Israel-based Bank Leumi last week agreed to pay a total of $400 million to resolve charges that it conducted an illegal cross-border scheme to assist U.S. clients in evading federal and state taxes by hiding income and assets in offshore bank accounts in several countries around the world. 

Bank Leumi Group will pay a total of $270 million to the United States, and another $130 million to the New York State Department of Financial Services. Under the terms of the settlement, Bank Leumi will also install an independent monitor, selected by DFS, to conduct a comprehensive review of the bank’s compliance programs, policies, and procedures.

Bank Leumi also agreed to terminate and ban various senior operations, compliance, and legal staff who actively supported the misconduct. As one example, Bank Leumi USA banned its former chief compliance officer (currently chief administrative officer) from conducting any compliance-related activities. In 2008, Bank Leumi USA’s chief executive officer appointed a chief compliance officer who remained in this position until 2010, even though this individual had no compliance experience, according to DFS.

“Bank Leumi employees engaged in a series of egregious schemes—including creating complex, sham loan arrangements—to help its U.S. clients shirk their responsibility to pay taxes,” Benjamin Lawsky, Superintendent of Financial Services, said in a statement. “What’s worse, when certain Swiss banks began to put the brakes on this type of misconduct, Bank Leumi instead hit the accelerator even harder, viewing it as a ‘golden opportunity’ to pick up new business.”

For example, when the Department of Justice’s investigation of UBS became public in 2008, several senior executives at the bank considered UBS’s exit from the U.S. cross-border business as a “golden opportunity to contact customers” and urged bankers “to suggest [to prospective clients] that they transfer their accounts to here (the reasons are understood).” Subsequently, Bank Leumi-Israel and its foreign affiliates opened accounts for 263 U.S. taxpayers, increasing assets under management by approximately $401 million.

Tax Evasion Scheme

From at least 2000 through 2011, Bank Leumi-Israel and its subsidiaries, including Bank Leumi USA, a New York State-chartered bank, knowingly and willfully aided and assisted U.S. clients in opening and maintaining undeclared accounts in a foreign country, concealing their offshore assets and income from the Internal Revenue Service and other federal and state authorities, and filing false tax returns and other documents with such authorities.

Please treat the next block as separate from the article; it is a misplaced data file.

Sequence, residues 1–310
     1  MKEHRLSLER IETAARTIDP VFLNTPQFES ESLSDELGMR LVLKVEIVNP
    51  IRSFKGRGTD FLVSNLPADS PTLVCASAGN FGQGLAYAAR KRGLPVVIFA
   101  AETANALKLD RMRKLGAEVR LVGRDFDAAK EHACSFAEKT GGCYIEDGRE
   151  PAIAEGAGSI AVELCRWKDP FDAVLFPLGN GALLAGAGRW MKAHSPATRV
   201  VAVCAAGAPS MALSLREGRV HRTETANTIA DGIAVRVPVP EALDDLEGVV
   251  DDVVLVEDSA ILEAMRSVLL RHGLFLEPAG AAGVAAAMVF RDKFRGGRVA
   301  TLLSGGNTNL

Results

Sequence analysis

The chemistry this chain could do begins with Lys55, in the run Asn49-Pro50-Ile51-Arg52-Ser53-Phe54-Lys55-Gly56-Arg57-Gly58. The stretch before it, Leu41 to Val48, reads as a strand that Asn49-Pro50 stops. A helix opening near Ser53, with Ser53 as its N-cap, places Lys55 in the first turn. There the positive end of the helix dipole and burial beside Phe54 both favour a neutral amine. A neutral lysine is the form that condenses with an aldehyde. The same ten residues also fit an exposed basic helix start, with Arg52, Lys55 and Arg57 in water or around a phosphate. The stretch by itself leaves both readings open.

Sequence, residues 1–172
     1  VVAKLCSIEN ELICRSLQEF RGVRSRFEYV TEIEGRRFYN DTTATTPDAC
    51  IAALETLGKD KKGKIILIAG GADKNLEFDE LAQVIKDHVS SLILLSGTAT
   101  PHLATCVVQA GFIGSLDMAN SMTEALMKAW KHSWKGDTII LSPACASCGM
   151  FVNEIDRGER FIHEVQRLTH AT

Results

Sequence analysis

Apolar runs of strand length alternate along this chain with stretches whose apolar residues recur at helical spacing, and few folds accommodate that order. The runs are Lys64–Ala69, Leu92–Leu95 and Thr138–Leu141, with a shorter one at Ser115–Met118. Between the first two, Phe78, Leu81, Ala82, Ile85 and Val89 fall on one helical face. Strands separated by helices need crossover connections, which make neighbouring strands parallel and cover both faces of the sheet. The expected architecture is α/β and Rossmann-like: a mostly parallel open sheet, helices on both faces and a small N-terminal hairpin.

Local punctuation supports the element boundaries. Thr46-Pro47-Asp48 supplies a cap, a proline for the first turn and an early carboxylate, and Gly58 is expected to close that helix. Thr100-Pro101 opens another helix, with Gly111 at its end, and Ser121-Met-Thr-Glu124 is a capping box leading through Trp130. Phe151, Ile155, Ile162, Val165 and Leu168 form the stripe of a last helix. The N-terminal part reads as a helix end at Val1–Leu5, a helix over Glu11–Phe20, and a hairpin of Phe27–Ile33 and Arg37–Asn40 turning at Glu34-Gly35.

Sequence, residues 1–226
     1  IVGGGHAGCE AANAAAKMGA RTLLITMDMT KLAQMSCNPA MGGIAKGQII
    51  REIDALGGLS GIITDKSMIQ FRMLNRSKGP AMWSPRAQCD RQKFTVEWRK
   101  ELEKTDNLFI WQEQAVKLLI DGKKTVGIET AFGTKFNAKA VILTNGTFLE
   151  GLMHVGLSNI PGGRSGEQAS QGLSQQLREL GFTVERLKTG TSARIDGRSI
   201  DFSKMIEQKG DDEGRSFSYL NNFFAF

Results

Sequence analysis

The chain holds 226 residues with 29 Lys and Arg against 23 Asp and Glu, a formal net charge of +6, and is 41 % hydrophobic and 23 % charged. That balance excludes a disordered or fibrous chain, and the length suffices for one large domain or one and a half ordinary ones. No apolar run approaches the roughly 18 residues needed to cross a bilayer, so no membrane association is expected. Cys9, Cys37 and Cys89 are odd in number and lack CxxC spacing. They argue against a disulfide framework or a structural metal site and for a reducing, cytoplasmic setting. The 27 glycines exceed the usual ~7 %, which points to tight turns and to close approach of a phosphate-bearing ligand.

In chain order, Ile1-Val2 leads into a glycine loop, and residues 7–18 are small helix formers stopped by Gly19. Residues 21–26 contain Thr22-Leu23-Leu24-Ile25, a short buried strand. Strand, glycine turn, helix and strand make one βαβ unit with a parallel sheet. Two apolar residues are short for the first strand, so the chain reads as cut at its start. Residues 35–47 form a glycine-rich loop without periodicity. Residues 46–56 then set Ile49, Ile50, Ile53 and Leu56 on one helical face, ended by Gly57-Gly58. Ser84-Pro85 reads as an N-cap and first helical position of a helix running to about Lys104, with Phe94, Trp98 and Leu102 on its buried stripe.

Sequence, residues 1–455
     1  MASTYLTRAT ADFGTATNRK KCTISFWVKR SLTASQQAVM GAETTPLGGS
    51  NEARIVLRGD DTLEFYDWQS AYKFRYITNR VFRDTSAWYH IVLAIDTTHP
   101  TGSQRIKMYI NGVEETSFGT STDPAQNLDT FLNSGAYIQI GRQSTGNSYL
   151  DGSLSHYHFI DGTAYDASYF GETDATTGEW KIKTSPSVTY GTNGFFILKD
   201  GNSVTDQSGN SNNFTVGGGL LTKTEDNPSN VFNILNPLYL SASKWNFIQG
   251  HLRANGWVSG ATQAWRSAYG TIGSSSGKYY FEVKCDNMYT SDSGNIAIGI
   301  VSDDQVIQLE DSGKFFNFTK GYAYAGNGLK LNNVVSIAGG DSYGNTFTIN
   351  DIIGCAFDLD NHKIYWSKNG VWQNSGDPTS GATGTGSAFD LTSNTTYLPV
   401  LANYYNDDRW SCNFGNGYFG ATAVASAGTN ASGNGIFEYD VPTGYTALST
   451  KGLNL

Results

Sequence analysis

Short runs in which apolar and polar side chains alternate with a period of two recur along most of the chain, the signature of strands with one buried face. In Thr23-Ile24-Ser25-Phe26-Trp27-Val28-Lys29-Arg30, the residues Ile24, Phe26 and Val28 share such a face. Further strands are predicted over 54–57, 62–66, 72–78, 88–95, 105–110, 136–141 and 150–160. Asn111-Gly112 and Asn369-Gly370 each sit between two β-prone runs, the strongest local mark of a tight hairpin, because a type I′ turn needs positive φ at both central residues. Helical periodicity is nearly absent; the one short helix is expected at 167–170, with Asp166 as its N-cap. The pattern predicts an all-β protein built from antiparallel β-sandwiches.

Bank Leumi-Israel assisted U.S. clients in concealing accounts through, among other schemes:

“Hold mail” service for approximately 2,450 U.S. accounts, whereby every statement of account, notice, or other document associated with the account would be held abroad at the foreign bank and would not be sent to the customer’s address in the United States;

"Assumed name" and "numbered" accounts, in which the name of the account holder did not appear on any correspondence or account statements, and the bank would accept wire transfers using these assumed names or numbers in lieu of actual customer names;

Referring U.S. clients to outside lawyers and consultants who would establish and maintain offshore corporations in jurisdictions like the British Virgin Islands, Panama, and Belize, to nominally hold the undeclared accounts and hide their true tax status from U.S. authorities; and

Suggesting to U.S. clients to open accounts through Bank Leumi Trust in order to add an “extra level of secrecy” to the account.

In an effort to facilitate this tax evasion scheme, Bank Leumi offered several products to U.S. clients who maintained funds in undeclared accounts abroad, which enabled the customers to gain access to the funds without repatriating the funds or creating a paper trail that would disclose the existence of the undeclared accounts to the U.S. authorities.

More to Come

In addition to the settlement reached with DFS, the Bank Leumi Group entered into a deferred prosecution agreement with the Department of Justice, filed Dec. 22 in the Central District of California.  “This unprecedented agreement marks the first time an Israeli bank has admitted to such criminal conduct, which spanned over a 10-year period and included an array of services and products designed to keep U.S. taxpayer accounts concealed at Bank Leumi Group’s locations in Israel, Switzerland, Luxembourg, and the United States,” the Department of Justice stated.

This DPA is “yet another historical event in the international tax arena,” IRS Commissioner John Koskinen said in a statement.  “IRS will not tolerate the use of offshore accounts to illegally escape paying taxes and we will continue to focus on this priority area.”

In a statement, the Tax Division’s Acting Deputy Assistant Attorney General Larry Wszalek said the Bank Leumi Group’s admission of guilt “represents the Department of Justice’s next step in its worldwide efforts to hold banks and other financial institutions responsible for their criminal conduct.

“Those institutions that have engaged, or continue to engage, in conduct similar to that of Bank Leumi Group are well advised that the Tax Division will continue to extend its global reach in enforcing this nation’s criminal tax laws,” Wszalek added.

As part of its agreement with the Justice Department, the Bank Leumi Group provided the names of more than 1,500 of its U.S. account holders. The Bank Leumi Group will continue to disclose information to the government regarding its cross-border business and provide testimony and information regarding other investigations.